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Education
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Promoting Independence vs. Dependence (Essay Sample)

Instructions:

On page 42, Ritchhart (2015) presents five beliefs that encourage setting high expectations for students:
focusing students on the learning vs. the work
teaching for understanding vs. knowledge
encouraging deep vs. surface learning strategies
promoting independence vs. dependence
developing a growth vs. a fixed mindset
Choose one of these areas as your focus for this assignment. Create three actions a teacher can take to promote this area. For example, if you chose ‘promoting independence vs. dependence’, you would create three strategies a teacher can use to promote independence in the classroom.
Be sure to explain each action/strategy’s educational merit.
Lastly, explain how these actions encourage student motivation and promote a positive classroom environment.
Submit a paper which is 1.5 pages in length, exclusive of the reference page, double-spaced using 12 point, Times New Roman font. The paper must be well written and cite at least two outside sources in APA format. Check all content for grammar, spelling and to be sure that you have properly cited all resources (in APA format) used.
Purdue University’s Online Writing Lab (OWL) is a free website that provides excellent information and resources for understanding and using the APA format and style. The OWL website can be accessed here: http://owl.english.purdue.edu/owl/resource/560/01/
The Pygmalion Effect
1. Ellison, K. (2015, October 29). Being honest about the Pygmalion Effect. Discover magazine. Being-Honest-About-the-Pygmalion-Effect-2015.pdf (tufts.edu)
This article provides a summary of the Pygmalion Effect and some classroom applications.
2. Spiegel, A. (2012, September 17). Teacher’s expectations can influence how students perform. NPR. https://www.npr.org/sections/health-shots/2012/09/18/161159263/teachers-expectations-can-influence-how-students-perform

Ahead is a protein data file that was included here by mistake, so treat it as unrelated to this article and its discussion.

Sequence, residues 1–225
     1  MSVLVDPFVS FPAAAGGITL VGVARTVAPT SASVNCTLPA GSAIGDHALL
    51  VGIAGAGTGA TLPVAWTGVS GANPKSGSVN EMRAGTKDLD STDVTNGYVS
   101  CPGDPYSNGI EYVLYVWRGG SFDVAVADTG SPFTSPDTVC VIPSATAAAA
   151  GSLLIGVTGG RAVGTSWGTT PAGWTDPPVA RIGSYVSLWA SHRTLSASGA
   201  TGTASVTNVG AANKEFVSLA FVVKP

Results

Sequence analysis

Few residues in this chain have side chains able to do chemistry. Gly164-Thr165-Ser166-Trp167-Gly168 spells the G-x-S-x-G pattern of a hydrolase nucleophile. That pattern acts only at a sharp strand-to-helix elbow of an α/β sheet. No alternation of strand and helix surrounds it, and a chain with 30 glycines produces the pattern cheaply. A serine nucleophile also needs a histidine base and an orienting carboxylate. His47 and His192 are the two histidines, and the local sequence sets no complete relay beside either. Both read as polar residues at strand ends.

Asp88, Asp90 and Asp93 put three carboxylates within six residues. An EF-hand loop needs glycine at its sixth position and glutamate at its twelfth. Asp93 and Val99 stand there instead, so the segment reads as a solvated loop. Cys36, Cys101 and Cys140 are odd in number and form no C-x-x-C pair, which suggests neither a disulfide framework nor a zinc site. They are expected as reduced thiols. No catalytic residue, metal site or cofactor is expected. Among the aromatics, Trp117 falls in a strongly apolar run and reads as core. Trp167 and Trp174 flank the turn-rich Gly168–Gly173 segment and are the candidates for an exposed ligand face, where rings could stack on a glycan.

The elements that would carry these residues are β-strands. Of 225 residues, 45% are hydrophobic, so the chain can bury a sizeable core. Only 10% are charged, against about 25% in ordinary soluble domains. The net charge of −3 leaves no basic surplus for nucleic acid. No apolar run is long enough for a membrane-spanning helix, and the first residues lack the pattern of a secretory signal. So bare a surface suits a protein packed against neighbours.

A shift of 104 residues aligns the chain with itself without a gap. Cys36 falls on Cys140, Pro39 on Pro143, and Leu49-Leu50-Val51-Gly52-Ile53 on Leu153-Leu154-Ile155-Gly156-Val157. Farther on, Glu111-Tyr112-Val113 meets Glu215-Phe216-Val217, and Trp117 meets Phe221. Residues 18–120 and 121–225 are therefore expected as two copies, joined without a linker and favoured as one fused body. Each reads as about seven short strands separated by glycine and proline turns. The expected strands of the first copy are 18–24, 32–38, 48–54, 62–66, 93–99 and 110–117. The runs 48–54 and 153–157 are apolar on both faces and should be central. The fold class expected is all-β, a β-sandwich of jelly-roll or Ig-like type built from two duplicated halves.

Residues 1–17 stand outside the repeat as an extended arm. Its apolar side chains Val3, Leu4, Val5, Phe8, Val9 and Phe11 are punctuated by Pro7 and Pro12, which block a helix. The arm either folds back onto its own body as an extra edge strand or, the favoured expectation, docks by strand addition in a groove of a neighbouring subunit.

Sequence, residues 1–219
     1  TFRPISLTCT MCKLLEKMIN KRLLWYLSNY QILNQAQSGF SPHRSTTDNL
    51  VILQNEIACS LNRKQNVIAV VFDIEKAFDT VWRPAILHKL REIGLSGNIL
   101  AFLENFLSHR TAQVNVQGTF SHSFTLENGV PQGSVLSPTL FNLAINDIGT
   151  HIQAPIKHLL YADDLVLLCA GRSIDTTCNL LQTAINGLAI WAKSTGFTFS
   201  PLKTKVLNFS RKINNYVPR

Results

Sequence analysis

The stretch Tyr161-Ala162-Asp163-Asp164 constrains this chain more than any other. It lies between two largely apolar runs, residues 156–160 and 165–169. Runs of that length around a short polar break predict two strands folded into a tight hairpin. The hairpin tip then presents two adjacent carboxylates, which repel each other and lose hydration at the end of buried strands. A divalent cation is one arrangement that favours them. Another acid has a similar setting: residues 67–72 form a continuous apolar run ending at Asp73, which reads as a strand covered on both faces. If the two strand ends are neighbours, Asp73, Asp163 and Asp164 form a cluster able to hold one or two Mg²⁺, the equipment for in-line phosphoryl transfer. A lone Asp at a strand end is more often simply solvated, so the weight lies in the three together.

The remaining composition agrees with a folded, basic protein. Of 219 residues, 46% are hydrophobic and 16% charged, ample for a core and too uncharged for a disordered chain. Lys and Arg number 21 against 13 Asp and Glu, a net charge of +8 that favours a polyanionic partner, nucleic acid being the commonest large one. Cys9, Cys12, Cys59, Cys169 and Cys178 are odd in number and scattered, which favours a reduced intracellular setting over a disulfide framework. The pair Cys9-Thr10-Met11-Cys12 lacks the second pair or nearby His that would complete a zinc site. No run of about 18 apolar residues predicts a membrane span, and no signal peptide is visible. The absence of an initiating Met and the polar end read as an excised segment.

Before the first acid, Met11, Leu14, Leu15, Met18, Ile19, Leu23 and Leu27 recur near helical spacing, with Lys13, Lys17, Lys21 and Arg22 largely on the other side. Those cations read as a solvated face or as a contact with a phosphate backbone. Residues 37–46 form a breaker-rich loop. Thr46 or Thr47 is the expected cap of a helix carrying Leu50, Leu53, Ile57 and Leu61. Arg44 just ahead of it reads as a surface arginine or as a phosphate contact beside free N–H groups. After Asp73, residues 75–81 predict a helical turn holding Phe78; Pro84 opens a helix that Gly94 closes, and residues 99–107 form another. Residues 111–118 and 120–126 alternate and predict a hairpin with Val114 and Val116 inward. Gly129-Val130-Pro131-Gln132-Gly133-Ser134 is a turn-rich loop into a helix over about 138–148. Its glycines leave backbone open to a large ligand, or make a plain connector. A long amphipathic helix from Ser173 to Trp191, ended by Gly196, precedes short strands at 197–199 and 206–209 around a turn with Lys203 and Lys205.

This article connects a modern-day classroom to Rosenthal’s study and provides some reflective teacher questions.
Hit the ‘play’ button in the top right corner to hear a further explanation of the article as it was discussed on NPR radio.
Best Practices
3. Bell, L. (2007). Creating a culture of high expectations for all students. Education World. https://www.educationworld.com/a_admin/columnists/bell/bell003.shtml
This blog by Larry Bell, a well-known educational speaker, provides some best practices for creating a positive classroom culture in regards to supporting students.
4. Harris, S. (2005). Bravo teacher: Building relationships with actions that value others. Taylor & Francis Group, pp. 1-58.
To access this resource, log into Moodle and access Library and Information Resources Network (LIRN) located in the Uopeople Library under the Resources tab. In the search field at the top of the page, copy and paste the title of the article. This article is located in a database called Ebook Central: Academic Complete
Read chapters 1-3 (pages 1-58) which provide a variety of actions and best practices that can be applied to any grade level in order to encourage and support students.
5. Hill, J. (n.d.). The power of high expectations: Closing the gap in your classroom. Teachingasleadership, pp. 29-36. http://web.archive.org/web/20160413075718/http:/teachingasleadership.org/sites/default/files/Related-Readings/DCA_Ch2_2011.pdf
This document provides varied perspectives on holding students to high academic standards and how those expectations can affect students.
6. Ritchhart, R. (2015). Creating cultures of thinking: The 8 forces we must master to truly transform our schools. John Wiley & Sons, Incorporated, pp. 37-60.
To access this resource, log into Moodle and access Library and Information Resources Network (LIRN) located in the Uopeople Library under the Resources tab. In the search field at the top of the page, copy and paste the title of the article. This article is located in a database called Ebook Central: Academic Complete
Read chapter 2 (pages 37-60) which focuses on the different types of expectations teachers should have for their students and how to apply them in the classroom.
Optional Video
1. EL Education (2015). Clear expectations and important work empower students to work independently: Management in the active classroom [Video]. Vimeo. https://vimeo.com/115977648 (4:52)
This video clip demonstrates how a teacher who promotes independence and self-efficacy can use time to work more personally with students.

source..
Content:


Promoting Independence vs. Dependence
Student Name
Institution Affiliation
Promoting Independence vs. Dependence
I have chosen the belief promoting independence vs. dependence, which is a belief that highly encourages increased expectations for students. Fostering independence is more beneficial to students rather than encouraging dependence (Mullings, 2019). Furthermore, when students are encouraged to be independent, they are more likely to establish a higher sense of self-efficacy. Additionally, independent students are always intrinsically motivated, making them more resourceful. Moreover, contrary to independence, dependent students will always be unmotivated, less creative, and less self-driven.

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